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Big Dog Motorcycles 2008 model year press launch

By Terry Roorda

Bloodline in transition

A bitchin’ boardtracker and big… bigger… biggest meat

La Jolla, Calif., September 4–6—Green grass and high tides. That’s the setting here, and when you’re ensconced in a five-diamond resort, breathing sea air and gazing out across famous Torrey Pines Golf Course and being otherwise feted in traditionally lavish Big Dog fashion, it’s easy to forget for the moment that the national economy’s anemic, consumer credit’s in the crapper, and the motorcycle industry’s in the doldrums—especially the high-end production-custom sector where Big Dog Motorcycles has lived and thrived for 14 years.

For most of that period, Big Dog has comfortably dominated the class, and continues to do so even as they uncomfortably watch their annual sales figures recede from the 4,900-unit high water mark of two years ago to current levels of something less than 4,000. They’re remarkably upbeat about the situation. As Big Dog President Nick Messer explains it, they’re viewing the current sluggishness as nothing more than cyclical downtime, and using that break in the action to shore up operations and revisit fundamentals, focusing, he says, on “reliability, compliance, infrastructure and dealer training.” What that means in practice is an ambitious new technical center at the Big Dog campus in Wichita; a 15,000-square-foot facility housing both a “dedicated testing center”—the first of any custom manufacturer, we’re told—as well as a new educational center for dealership technicians. A thorough—and mandatory—certification program has been established to ensure the competence of anyone putting a wrench to a Dog.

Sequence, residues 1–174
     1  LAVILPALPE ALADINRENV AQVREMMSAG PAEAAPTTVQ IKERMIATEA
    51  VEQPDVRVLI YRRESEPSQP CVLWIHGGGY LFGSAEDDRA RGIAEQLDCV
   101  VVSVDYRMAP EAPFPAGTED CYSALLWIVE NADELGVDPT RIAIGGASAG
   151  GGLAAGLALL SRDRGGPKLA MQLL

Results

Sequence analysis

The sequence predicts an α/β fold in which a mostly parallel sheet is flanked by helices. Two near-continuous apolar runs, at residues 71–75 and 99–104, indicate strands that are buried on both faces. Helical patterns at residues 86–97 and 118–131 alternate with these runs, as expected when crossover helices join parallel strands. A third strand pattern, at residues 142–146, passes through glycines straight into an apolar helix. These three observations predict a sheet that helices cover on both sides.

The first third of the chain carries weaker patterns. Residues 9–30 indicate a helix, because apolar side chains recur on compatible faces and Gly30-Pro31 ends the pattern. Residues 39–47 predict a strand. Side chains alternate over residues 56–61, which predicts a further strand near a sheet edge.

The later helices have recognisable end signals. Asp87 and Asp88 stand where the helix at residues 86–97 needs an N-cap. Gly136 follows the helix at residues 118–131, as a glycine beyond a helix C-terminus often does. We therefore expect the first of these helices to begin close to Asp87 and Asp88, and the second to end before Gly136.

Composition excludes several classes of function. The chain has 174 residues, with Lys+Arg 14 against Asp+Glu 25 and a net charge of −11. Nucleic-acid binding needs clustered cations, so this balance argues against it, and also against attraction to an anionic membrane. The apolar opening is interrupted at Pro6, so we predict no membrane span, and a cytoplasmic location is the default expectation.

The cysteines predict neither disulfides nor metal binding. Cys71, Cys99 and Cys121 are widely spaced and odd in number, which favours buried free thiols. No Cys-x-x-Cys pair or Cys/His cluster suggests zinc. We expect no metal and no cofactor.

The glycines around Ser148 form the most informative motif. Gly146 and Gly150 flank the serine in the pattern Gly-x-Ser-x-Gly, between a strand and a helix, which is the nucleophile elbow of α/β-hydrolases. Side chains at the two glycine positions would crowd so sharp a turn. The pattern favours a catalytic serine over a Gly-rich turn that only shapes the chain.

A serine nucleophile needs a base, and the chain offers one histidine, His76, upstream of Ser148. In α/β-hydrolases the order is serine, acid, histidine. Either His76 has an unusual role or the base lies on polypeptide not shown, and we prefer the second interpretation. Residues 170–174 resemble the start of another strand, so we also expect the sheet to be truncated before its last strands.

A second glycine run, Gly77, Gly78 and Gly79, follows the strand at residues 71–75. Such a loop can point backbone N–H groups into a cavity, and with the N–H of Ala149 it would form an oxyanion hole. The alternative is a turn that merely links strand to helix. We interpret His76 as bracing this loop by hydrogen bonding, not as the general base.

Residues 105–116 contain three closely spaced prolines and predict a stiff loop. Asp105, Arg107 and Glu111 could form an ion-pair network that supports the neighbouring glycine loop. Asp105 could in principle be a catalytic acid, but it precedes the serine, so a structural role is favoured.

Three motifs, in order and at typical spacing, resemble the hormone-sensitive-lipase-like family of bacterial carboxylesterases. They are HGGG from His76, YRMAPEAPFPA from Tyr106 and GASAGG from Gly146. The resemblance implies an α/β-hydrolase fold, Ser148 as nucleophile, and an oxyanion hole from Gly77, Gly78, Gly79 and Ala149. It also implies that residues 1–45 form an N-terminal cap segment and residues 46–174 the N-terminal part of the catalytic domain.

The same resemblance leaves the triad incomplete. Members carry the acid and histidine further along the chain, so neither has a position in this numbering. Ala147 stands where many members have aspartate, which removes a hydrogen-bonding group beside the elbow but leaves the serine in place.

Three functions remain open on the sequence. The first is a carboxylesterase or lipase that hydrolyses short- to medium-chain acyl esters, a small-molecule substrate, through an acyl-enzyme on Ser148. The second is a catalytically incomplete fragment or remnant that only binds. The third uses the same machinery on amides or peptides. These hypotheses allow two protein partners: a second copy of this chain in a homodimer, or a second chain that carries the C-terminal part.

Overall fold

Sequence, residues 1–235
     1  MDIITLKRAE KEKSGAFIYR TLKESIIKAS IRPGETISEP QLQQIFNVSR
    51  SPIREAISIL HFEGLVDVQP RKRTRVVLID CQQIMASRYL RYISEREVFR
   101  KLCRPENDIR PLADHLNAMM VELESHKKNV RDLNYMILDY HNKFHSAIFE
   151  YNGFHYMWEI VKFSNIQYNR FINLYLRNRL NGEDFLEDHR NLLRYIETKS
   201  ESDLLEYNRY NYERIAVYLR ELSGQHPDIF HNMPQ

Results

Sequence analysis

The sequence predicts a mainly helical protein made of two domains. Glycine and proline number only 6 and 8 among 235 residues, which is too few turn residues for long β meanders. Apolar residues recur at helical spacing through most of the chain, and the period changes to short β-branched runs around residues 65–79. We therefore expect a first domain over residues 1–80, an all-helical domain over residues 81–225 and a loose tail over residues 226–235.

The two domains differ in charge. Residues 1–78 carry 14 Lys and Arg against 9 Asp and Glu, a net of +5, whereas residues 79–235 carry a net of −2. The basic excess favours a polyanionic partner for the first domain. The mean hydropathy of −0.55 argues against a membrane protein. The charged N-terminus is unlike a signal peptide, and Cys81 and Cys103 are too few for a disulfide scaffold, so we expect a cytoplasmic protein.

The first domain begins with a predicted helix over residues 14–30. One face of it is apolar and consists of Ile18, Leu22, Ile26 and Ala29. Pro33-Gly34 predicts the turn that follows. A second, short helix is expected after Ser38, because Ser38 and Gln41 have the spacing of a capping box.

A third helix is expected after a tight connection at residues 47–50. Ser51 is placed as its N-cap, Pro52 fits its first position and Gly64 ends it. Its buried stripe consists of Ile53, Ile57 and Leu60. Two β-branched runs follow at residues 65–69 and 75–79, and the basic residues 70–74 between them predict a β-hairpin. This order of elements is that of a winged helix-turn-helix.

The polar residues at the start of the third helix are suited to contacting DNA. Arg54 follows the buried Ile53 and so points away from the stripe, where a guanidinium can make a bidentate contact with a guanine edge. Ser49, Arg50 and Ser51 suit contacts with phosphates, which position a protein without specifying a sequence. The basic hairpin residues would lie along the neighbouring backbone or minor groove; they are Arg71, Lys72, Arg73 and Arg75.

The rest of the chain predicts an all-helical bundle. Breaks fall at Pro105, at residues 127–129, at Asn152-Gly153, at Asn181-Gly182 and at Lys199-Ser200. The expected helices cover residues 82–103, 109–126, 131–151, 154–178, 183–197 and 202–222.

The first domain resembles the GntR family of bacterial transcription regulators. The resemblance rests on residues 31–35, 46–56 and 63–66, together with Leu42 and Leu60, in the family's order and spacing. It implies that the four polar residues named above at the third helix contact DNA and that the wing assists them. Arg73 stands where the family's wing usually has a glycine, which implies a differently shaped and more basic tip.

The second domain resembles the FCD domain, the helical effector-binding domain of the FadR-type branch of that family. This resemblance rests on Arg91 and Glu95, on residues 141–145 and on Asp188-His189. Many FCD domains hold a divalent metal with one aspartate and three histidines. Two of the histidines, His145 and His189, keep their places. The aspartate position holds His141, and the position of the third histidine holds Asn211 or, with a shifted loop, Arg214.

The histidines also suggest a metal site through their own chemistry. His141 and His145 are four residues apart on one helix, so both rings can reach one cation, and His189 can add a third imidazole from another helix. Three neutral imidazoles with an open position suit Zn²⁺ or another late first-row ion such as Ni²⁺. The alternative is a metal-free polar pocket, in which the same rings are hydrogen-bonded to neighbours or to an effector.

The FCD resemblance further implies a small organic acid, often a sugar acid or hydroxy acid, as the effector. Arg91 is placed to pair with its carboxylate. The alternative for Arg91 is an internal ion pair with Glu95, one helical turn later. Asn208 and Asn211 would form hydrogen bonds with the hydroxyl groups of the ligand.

They’re using the downtime for something else as well, and it’s even sexier than infrastructure, if you can believe that. It’s nothing less than the complete overhaul of their product line. That program is projected over a two-year period, and the first installment is being presented here in La Jolla and touted as the company’s “most diverse” model offering to date. The lineup for 2008 is headlined by three new motorcycles—two with familiar names, the Pitbull and Ridgeback, and one new price-conscious breed, the comically and aptly named Mutt. Returning essentially unchanged save for some operational refinements are the popular pro-street Mastiff, and the sales- leading K-9 uberchopper.

Gone from the collection this year are the Bulldog, the erstwhile top-of-the-line bike, and the long-running and utterly lovable Chopper—but their absence is scheduled to be short-lived; more of a strategic hiatus than a stroll out to pasture, as we’ll get to later.